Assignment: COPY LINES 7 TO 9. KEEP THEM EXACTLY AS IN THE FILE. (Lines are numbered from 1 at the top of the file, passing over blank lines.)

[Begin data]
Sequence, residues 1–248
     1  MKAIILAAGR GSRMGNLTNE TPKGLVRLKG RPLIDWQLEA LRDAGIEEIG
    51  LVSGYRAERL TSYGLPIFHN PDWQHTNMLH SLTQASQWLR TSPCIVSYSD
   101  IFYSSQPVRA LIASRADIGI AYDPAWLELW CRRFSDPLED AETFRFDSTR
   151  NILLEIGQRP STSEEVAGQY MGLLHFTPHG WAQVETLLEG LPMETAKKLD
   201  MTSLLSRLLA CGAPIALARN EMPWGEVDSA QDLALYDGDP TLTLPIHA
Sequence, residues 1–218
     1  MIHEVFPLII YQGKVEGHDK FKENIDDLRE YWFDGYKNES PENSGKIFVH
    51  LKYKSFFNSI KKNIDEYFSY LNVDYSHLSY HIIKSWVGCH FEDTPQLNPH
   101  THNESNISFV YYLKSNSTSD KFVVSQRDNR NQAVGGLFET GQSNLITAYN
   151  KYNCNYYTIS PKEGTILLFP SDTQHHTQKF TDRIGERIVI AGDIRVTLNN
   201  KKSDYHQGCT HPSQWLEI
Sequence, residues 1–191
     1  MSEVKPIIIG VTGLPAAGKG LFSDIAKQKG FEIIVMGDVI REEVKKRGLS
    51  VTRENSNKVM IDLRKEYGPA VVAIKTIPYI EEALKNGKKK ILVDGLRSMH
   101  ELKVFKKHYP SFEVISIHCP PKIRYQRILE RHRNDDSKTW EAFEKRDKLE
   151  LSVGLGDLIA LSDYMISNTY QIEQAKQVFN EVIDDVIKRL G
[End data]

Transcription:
Sequence, residues 1–218
     1  MIHEVFPLII YQGKVEGHDK FKENIDDLRE YWFDGYKNES PENSGKIFVH
    51  LKYKSFFNSI KKNIDEYFSY LNVDYSHLSY HIIKSWVGCH FEDTPQLNPH